New Delhi, Sept. 1: Amit Singh is a free man now.
The 29-year-old, sentenced to life in prison for murder, had already spent 12 years in jail when he claimed he should have been tried as a minor as he was not yet 18 when the crime was committed.
The Supreme Court agreed, and let him off.
However, if a proposed amendment to the Juvenile Justice Act is passed, 12 years might be a bit too late to seek such relief.
The women and child development ministry, which has formed a committee to amend the act, is ready with a proposal that is likely to specify a time frame within which a person can claim juvenility.
At present, a person can approach any court at any stage of the trial, or even after a case is disposed of, to raise such a claim under the rehabilitative act for a much more lenient punishment — a maximum of three years’ detention in an observation home for any crime.
Sources in the ministry said the amendment, if passed, would considerably lower the burden on courts and indicated that the time limit might be anywhere between three and 10 years.
Not everyone agrees with this line of thinking.
“This in effect means that if a child is a minor at the time of committing a crime, and does not have the wherewithal to prove his age, he would have to find a way to prove his juvenility within a specified time. (It’s) basically telling the child, ‘Sorry, we have made a mistake by trying you as an adult, bear with us. Please adjust.’ The Centre, without trying to plug the holes in the system, is shutting the window of opportunity for these people,” said Anant Asthana, a Delhi-based lawyer and expert on juvenile justice law.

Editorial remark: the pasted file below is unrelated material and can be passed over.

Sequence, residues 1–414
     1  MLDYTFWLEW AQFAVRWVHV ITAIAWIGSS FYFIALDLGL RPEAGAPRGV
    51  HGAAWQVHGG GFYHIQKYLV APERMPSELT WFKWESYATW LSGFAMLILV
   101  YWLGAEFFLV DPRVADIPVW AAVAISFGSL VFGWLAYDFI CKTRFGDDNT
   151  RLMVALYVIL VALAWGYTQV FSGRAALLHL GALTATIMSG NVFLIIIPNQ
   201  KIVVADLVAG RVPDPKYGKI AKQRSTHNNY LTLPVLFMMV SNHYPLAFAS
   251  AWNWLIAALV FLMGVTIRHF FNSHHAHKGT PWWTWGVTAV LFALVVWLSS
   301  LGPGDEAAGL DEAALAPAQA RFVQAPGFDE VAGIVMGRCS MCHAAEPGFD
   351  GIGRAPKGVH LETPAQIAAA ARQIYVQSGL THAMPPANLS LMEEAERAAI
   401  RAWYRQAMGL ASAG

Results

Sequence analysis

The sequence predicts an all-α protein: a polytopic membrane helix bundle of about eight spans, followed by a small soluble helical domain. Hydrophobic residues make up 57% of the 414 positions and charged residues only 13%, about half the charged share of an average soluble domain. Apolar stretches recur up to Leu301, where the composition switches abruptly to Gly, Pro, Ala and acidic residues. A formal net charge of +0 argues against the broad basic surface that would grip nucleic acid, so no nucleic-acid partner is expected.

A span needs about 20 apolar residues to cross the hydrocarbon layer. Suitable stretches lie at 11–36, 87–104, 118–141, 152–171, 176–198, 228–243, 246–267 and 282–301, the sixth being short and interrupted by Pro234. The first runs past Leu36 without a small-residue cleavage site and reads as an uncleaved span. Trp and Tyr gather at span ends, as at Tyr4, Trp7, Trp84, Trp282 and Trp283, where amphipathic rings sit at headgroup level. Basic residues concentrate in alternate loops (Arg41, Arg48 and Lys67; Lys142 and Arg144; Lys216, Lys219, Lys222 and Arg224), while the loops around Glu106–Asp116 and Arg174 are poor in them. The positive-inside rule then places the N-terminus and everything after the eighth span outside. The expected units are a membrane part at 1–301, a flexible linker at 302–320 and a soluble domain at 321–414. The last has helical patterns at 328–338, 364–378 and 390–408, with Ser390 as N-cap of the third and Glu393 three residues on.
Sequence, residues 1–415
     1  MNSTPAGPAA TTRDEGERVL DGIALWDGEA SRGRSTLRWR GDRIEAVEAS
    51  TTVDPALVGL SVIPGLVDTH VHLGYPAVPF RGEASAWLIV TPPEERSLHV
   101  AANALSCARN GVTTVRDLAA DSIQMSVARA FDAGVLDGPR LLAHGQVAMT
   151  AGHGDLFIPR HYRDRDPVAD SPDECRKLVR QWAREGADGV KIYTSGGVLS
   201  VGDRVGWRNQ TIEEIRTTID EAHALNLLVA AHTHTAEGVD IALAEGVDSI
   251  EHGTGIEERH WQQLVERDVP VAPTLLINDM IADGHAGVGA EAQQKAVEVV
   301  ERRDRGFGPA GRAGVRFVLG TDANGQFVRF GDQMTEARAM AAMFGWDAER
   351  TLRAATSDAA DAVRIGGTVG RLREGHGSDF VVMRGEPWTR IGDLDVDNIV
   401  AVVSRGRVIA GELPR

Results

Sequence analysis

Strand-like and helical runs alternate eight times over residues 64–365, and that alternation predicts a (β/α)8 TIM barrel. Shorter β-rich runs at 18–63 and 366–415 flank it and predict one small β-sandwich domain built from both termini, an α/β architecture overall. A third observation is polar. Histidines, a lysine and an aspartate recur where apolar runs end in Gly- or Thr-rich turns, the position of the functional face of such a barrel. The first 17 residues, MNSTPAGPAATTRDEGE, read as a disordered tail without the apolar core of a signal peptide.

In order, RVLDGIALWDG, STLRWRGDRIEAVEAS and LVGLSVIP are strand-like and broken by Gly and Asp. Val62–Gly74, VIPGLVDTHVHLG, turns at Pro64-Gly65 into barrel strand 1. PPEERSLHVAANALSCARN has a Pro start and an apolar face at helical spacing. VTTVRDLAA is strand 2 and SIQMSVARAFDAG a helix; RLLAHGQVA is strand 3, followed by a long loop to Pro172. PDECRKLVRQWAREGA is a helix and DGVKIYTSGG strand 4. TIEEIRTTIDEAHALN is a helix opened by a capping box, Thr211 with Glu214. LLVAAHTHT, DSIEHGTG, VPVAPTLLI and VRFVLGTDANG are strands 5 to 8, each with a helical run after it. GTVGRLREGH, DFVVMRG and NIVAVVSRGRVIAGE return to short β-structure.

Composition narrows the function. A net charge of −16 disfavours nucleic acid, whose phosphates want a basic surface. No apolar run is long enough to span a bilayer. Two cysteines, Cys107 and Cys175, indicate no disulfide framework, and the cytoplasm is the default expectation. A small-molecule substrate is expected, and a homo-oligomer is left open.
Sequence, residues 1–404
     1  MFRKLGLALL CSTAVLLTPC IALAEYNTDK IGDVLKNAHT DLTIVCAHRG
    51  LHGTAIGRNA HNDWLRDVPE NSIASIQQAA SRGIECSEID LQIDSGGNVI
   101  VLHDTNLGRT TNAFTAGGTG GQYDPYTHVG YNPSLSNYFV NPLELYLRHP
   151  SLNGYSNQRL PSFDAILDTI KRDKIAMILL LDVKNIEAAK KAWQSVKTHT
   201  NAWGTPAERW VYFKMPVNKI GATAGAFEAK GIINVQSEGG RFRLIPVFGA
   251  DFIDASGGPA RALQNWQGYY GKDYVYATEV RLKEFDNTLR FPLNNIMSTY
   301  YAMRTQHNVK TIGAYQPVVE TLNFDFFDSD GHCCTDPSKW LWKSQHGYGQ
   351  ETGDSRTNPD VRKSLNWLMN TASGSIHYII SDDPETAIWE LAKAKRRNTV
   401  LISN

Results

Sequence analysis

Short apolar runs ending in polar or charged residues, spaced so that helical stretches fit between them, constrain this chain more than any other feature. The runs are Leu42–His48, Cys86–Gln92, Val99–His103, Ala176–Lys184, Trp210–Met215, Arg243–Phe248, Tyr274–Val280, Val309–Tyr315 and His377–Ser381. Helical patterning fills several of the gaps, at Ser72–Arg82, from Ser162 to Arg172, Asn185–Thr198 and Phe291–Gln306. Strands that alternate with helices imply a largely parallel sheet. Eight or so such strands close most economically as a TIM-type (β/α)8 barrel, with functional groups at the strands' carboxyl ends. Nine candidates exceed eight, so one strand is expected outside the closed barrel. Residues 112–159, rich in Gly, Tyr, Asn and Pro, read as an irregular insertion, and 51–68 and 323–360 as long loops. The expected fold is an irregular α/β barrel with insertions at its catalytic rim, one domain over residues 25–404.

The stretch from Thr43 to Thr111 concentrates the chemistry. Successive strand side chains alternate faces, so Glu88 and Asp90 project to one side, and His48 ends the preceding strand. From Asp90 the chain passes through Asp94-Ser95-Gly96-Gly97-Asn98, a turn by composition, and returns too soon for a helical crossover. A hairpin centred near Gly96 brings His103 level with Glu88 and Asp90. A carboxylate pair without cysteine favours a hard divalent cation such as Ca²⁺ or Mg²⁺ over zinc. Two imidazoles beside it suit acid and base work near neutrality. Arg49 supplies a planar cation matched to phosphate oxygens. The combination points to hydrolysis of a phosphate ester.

Bharti Ali, who was part of the review committee, said this law couldn’t have a “retrospective” effect.
“Yes, the ministry has been discussing this with the committee…. This issue was widely debated within the committee, with different groups taking varied stands. I believe that this law cannot have a retrospective effect. A person, say, at 69 years of age cannot claim that he was a juvenile when he committed an offence,” Ali added.
Although Ali conceded the act should also include a provision to deal with exceptional situations, the founder and co-director of HAQ: Centre for Child Rights, said there should be a “bar on the number of years” within which a person can raise the claim of juvenility. “This cannot be open for an unspecified number of years.”
But Asthana referred to Tihar reports that he said had proved there were “thousands of children rotting in jails”.
A recent Delhi High Court order had resulted in an enquiry by the National Commission for Protection of Child Rights in Tihar jail. The probe revealed hundreds of juveniles incarcerated as adults and, by July, at least 150 children had managed to prove that they were minors.
“As the Tihar reports have proved, there are thousands of children rotting in jails across the country who cannot prove that they are minors. In some exceptional cases, like Ramdeo Chauhan’s case (see box), which took 19 years to prove that he was a minor, there were child rights activists who supported his cause,” Asthana said.
“But in most cases, the children do not even have any responsible and capable adult around them to advise and help them to raise the claim of juvenility. So, if this provision (of a time frame) stays in the final draft, it will mean that the window of justice for the wronged child is shut,” Asthana said.
RAMDEO: GALLOWS TO FREEDOM
But his case cannot be replicated if the
proposed amendment is approved
1992: A civil engineer and his family found murdered in their house in Assam; 15-year-old help Ramdeo Chauhan arrested
1998: Chauhan found guilty by trial court and sentenced to death
2003: Medical tests confirm Chauhan was 15 or 16 at the time of the crime
2011: After 19 years, Chauhan walks free, at age 34, after the Supreme Court says trying him as an adult was a “travesty of justice”.